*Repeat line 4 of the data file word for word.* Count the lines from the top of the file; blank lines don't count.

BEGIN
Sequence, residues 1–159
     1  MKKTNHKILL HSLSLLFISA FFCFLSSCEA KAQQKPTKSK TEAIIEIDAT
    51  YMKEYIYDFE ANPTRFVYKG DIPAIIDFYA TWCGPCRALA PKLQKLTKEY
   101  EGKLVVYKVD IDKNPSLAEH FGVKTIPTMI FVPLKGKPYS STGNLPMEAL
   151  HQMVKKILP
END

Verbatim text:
   101  EGKLVVYKVD IDKNPSLAEH FGVKTIPTMI FVPLKGKPYS STGNLPMEAL